Vitamin D

Vitamin D plays various roles in the muscle growth cycle, these include: the generation of stem cells, protein synthesis, and energy production.14 Studies have shown that a lack of vitamin D in the diet contributes to musco-skeletal diseases.15 Elder adults are at an even larger risk of vitamin D deficiency, due to a lowered ability to absorb it via digestion or sun exposure.16 Furthermore, studies have shown that upon increasing dietary intake of vitamin D, there is a lower incidence of both osteoporosis and sarcopenia in ageing people.17 Vitamin D can be found as supplements, however, foods that are rich in vitamin D include oily fish (salmon, sardines, herring and mackerel), red meat, liver, egg yolks, mushrooms and fortified foods (fat spreads and breakfast cereals). 


It is a well known fact that protein plays an important physiological role in muscle growth and maintenance. However, having a large amount of dietary protein may not necessarily contribute to optimal muscle growth. This depends of factors such as:

  • Total Daily Protein: This is also known as the total amount of protein consumed in a day. Elder adults are more prone to anabolic resistance, which is when they do not respond to stimuli that promote muscle growth. Therefore, as previously mentioned, elder adults need to have a protein intake of approximately 1 gram per kilogram of body weight per day, which is much higher than the daily recommended dose.5 Studies had further shown that ≥1.0 g/kg/day of protein had decreased functional disability (inability to perform daily tasks) by 22%14
  • Per-Meal Dose Protein: This is also known as the total amount of protein consumed in a meal. There is a common misconception that consuming above the recommended intake of dietary protein would mean more muscle growth. However, this isn’t the case, there is only a certain amount of protein that can be absorbed per meal, also known as a “threshold”. Surveys have indicated that adults over 65 years do not meet this threshold, and consume a very small amount (~0.4 g/meal), and only as two servings of protein in the day.18 It is recommended that elderly adults need to consume approximately 35 g/meal, translatable to 1.2 g/kg/day19
  • Protein Distribution: This is also known as the way the amount of protein consumed is distributed throughout the meals of the day. Studies have shown that older adults often skewed their protein intake towards one meal, with dinner-time meals containing the most amount of protein.20 Interestingly, studies have further shown that even though adults consumed a daily protein intake of approximately 1.2 g/kg/day, the rate at which the protein was absorbed for muscle development was much better (approximately 25% more) when intake was evenly distributed at meals during the day,  as opposed to one meal with a large portion of protein21 
  • Protein Quality: This is also known as the source or quality of protein ingested. Protein requires essential amino acids as they are important in building muscles. Animal-derived proteins such as dairy, eggs, and meat, are better protein sources when compared to most plant-derived proteins such as soy and wheat due to their high essential amino acid content.22 Particularly with animal-derived proteins, the quality of the protein plays a vital role. For example, hydrolyzed collagen protein when compared to whey protein, is a lower quality protein due to its lack of the essential amino acid, tryptophan22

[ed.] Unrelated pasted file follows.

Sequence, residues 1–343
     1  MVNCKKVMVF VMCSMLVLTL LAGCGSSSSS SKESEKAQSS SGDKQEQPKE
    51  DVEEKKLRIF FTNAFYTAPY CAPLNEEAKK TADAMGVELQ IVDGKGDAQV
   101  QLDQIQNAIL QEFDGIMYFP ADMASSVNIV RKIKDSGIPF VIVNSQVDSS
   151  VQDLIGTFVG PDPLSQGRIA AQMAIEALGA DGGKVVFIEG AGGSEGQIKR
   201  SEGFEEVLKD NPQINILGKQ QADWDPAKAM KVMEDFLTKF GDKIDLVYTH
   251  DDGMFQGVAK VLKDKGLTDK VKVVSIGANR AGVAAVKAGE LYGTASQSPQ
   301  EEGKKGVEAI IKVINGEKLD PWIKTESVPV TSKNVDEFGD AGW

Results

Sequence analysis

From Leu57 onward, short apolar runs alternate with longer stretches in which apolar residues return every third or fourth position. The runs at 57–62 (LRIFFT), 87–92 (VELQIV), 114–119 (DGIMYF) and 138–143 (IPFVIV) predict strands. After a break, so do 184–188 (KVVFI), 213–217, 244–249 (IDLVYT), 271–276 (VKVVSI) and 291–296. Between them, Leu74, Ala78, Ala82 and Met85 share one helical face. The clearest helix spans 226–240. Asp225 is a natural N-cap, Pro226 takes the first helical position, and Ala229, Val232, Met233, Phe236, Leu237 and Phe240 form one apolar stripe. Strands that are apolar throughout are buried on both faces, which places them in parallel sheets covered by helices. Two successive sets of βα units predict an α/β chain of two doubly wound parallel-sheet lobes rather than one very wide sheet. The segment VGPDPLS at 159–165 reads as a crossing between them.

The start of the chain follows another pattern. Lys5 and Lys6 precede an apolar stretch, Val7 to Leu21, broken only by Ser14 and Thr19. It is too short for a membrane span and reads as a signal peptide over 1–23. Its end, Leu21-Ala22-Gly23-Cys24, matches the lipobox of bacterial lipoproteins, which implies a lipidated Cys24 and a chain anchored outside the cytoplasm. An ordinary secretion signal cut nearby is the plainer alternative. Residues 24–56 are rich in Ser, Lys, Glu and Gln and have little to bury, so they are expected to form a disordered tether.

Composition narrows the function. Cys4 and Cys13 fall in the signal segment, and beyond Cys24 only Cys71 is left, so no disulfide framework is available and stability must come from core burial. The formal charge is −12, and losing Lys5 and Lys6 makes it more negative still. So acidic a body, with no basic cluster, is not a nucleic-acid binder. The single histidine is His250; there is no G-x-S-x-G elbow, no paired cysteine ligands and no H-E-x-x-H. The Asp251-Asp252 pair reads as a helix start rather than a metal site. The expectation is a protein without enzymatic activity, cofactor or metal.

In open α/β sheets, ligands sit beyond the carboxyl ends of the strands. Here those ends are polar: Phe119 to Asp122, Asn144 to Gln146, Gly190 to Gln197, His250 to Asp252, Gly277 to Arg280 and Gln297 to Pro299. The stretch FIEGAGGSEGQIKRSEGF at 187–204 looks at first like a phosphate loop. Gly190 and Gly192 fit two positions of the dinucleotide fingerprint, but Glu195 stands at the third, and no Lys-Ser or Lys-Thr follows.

Similarly, some plant proteins naturally have a lower essential amino acid content. Furthermore, they have higher amounts of anti-nutritional factors, which impair protein digestibility.23 When consuming vegan diets, it is important to incorporate high quality proteins such as potato protein isolate, which is known to have the highest leucine content of most commercially available plant-based proteins.24

Omega 3

Omega-3 polyunsaturated fatty acids (n3-PUFA), are also known as fish oils. Although their role in reducing the effects of sarcopenia are not studied enough, they have many beneficial anti-inflammatory properties.25 They play critical roles in building the structural components of cell membranes, and further aid in building skeletal muscle.26 Studies have shown that some components of fish oil, such as eicosapentaenoic acid (EPA) and docosahexaenoic acid (DHA) can sensitise muscles to growth signals, thereby increasing muscle mass.27 


Leucine is another type of essential amino acid that has been shown to play roles in protein synthesis and thereby increase muscle growth.28 Leucine can be found in BCAA supplements, but can alternatively be incorporated in diet by consuming foods such as salmon, chickpeas, brown rice, eggs, soybeans, nuts, and beef.29 

Creatine predominantly exists in 95% of the body’s skeletal muscle.30 It is used as an energy source during muscle movement. Studies have further shown that when adults had participated in resistance exercise, supplementing creatine into their diet increased strength and lean muscle mass.31 Since the muscles cannot synthesise creatinine themselves, it has to be obtained as a dietary supplement.

Other amino acids such as carnitine and glutamine have been shown to promote the growth of muscle mass.32,33 Dietary sources of carnitine include beef, pork, whole milk, cod, chicken, and avocado.34  Dietary sources of glutamine include chicken, fish, cabbage, spinach, dairy, tofu, lentils, beans, beets, and peas. However, they are both available as dietary supplements.